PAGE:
Why are we polite to the store cashier but sometimes come home and snap at our spouse or children? Why do we clean harder for company than we clean for ourselves? Our society seems backwards, if you ask me. I propose that we could clean for our partners, children, and yes, even ourselves with more enthusiasm than we clean for acquaintances or strangers (we could even strive to be more pleasant to our home companions too).
Try a new approach as you weed out fall clutter in preparation for winter: Make your living spaces and storage spaces look like company is coming, but do it for you! You deserve to enjoy life in an easy-to-clean, uncluttered, organized home. Treat yourself and your family with the respect that many of us save for strangers: Create a home space that honors and supports you and your family. Get rid of the junk.
Look at your possessions through the eyes of a stranger—as though you are company coming to your house. Pretend to be a stranger when you peek into your closets, cupboards, and drawers. When I see my "precious" stuff through an outsider’s eyes, I see it for what much of it is—junk. Ouch. If a stranger would call it junk, then that is probably what it is.
Keep only what is still beautiful. Something that looked great two years ago may now look faded and worn. Or, maybe it has simply lost its attraction as we have moved on to other more interesting things. Sadly, many tired items continue to reside in our homes. We loved them once, but now the attraction has faded and we are off to other things. When your junk’s season has passed, it is time to send it on.
Keep only what is currently useful. If you aren’t using something, you are storing it. It clogs your space. Worrying and wondering about keeping it drains your energy. It steals time because you must take care of it, and it seizes you with the guilt of the alleged "I’ll get back to it someday." Because things accumulate and take up a lot of space, they prevent new stuff that would be more useful from entering your life. You don’t get to have the latest technology or take on a new hobby that interests you because your dwelling is already bulging at the seams. Get rid of things that were useful in the past to make room for what would be useful to you now. Be kind to yourself. Give yourself room to grow.
Keep only what is seriously sentimental. Seriously. The moments and the memories reside in you, not in your stuff. You are the one who had the experiences you associate with the stuff, and besides, your stuff can’t talk! Take a photo. Write in a journal about the memory. Keep a photo album or scrapbook to share your special memories with others. If you still "need" to save the sentimental item itself, maybe you could save just a piece of it. A button or a swatch of fabric is easier to save than the whole jacket. From a dated collection, choose two or three favorite pieces, and consider passing on the rest.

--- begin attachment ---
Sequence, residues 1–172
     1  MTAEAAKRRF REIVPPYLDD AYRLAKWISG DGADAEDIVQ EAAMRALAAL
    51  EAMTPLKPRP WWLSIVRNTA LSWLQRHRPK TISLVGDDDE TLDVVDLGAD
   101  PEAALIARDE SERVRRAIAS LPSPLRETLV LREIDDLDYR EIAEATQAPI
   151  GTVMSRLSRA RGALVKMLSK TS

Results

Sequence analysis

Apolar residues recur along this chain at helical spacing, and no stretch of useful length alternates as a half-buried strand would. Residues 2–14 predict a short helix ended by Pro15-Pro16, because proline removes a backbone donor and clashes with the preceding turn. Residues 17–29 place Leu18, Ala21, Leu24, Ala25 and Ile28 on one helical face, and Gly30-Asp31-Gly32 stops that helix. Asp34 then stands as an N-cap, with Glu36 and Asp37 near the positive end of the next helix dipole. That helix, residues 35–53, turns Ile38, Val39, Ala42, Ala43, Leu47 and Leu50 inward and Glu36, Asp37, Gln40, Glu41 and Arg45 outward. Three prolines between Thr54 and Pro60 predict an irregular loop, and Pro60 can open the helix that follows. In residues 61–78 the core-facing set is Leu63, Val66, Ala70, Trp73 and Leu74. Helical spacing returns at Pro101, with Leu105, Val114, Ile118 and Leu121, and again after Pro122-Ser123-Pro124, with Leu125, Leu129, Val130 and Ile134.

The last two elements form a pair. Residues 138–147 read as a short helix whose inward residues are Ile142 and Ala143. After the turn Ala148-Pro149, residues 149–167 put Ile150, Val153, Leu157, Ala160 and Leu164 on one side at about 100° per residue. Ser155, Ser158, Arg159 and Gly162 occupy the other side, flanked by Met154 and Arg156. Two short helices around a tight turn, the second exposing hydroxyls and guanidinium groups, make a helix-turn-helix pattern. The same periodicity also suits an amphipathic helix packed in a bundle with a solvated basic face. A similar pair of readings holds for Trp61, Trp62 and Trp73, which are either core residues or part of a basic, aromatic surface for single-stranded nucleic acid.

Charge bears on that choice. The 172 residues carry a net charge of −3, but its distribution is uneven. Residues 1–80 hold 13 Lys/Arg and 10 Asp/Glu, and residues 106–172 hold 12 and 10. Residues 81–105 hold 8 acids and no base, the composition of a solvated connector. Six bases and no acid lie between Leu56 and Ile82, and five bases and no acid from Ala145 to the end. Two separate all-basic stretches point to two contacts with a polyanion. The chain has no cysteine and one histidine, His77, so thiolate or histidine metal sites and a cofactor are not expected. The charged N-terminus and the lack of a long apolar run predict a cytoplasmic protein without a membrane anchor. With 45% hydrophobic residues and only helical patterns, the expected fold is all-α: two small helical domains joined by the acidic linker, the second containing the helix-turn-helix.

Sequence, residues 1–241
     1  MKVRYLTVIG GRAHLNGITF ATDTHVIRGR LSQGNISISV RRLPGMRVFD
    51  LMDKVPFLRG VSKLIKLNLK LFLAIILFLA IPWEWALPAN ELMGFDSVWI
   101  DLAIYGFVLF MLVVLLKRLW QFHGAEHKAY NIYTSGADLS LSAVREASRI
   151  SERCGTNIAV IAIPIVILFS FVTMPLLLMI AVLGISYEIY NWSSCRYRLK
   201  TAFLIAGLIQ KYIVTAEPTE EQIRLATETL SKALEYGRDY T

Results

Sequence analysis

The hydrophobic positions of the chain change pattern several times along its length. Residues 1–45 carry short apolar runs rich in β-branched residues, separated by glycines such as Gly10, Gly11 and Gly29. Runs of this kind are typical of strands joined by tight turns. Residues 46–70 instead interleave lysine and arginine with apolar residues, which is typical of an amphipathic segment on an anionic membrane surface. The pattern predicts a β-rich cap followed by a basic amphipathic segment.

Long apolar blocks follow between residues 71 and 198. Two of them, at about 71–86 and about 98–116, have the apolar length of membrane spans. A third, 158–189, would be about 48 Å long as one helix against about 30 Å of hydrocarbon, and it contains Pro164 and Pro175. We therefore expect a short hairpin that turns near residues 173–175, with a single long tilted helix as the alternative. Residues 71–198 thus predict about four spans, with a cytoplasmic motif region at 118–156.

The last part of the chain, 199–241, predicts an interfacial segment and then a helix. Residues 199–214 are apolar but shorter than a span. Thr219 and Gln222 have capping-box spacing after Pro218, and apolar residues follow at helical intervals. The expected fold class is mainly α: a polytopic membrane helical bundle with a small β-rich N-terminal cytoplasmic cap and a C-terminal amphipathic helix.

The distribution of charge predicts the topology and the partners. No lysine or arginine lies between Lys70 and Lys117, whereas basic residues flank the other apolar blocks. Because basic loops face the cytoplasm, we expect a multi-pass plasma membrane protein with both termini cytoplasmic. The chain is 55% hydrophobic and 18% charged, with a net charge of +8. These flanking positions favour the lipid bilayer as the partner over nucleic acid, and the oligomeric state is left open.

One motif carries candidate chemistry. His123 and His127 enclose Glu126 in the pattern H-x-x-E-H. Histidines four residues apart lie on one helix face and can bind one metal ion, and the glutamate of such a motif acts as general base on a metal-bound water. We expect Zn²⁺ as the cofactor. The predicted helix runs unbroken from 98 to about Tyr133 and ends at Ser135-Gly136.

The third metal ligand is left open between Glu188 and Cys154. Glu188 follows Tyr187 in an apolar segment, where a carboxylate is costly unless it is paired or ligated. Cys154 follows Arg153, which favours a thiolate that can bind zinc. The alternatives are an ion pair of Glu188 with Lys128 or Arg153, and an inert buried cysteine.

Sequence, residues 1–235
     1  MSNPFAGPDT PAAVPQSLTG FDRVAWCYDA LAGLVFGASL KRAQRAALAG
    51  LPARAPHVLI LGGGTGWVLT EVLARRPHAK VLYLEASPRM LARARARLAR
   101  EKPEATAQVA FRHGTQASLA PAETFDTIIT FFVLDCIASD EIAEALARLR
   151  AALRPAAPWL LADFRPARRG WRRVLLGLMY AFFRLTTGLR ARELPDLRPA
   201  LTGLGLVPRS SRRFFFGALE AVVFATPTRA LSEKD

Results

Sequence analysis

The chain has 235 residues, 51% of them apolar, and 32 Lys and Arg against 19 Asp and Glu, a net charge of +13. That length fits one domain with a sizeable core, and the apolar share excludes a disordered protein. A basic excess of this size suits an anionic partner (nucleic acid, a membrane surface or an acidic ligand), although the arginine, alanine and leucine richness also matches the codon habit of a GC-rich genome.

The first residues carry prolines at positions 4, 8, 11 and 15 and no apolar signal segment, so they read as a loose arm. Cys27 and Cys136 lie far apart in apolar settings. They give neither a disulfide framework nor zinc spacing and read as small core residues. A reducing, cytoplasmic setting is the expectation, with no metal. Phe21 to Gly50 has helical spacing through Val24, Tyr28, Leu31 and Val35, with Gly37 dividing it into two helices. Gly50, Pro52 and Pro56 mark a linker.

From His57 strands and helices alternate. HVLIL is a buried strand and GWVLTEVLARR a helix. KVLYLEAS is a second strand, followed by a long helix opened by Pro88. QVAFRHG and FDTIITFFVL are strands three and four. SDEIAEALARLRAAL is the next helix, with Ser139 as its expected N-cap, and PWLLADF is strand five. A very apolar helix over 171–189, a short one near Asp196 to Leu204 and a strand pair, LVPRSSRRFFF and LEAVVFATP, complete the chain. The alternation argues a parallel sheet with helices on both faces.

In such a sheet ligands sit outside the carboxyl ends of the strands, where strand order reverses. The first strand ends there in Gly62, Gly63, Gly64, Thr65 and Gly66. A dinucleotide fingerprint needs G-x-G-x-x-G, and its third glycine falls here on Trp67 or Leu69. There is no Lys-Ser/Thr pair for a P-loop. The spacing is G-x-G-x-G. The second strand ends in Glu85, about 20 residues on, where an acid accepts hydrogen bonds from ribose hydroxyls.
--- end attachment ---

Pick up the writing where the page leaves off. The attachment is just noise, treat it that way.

For you and your family
Finally, be thorough. Be thorough for yourself and your family. Clean out all the spaces you live in. Remember the car–you are in your car every day, which is more often than you open some drawers and closets. Make this a clean haven rather than a roaming junk-mobile. Clean the inside of the car. Wipe off the dust. Clean the insides of the windows. Have a trash container in the car, and keep a trash can near where you park your car, so that every time you get out of your car, you can take your litter with you and dispose of it. You wouldn’t want friends to climb in to a messy car seat, so why would you want to either?
Don’t forget your laundry area. Though it isn’t a company spot, you and your loved ones probably spend a lot of time there. Treat yourself by making it as pleasant as possible. Toss out odds and ends, mending that never got done, and laundry products that aren’t part of your current repertoire. Install shelves or cabinets above the washer and dryer to store what you need there, and create a clean flat area to fold there if you can. If you have wall space, put a corkboard or picture frame that holds a collage of family photos and happy memories to ponder while you do laundry!
After the laundry area, think about your garage. After all, you walk through this area every time you come home or leave. Who wants to be pulled down by the old junk that manages to breed in the garage? Donate the outgrown toys. Toss the unused lumber, and recycle those cardboard boxes.
As the days get shorter and the temperature drops, I try to do a fall clutter control sweep through all areas of our home. As we prepare to burrow in for winter, I want our nest to be as uncluttered and pleasant as possible. It sounds corny, but if you think about it, even animals don’t foul their own nests. Why would we?
Barbara Tako is a clutter clearing motivational speaker and author of Clutter Clearing Choices: Clear Clutter, Organize Your Home, & Reclaim Your Life (O Books, 2010), a seasonally organized book of clutter clearing tips that readers can pick and choose from to fit their personal style and needs.
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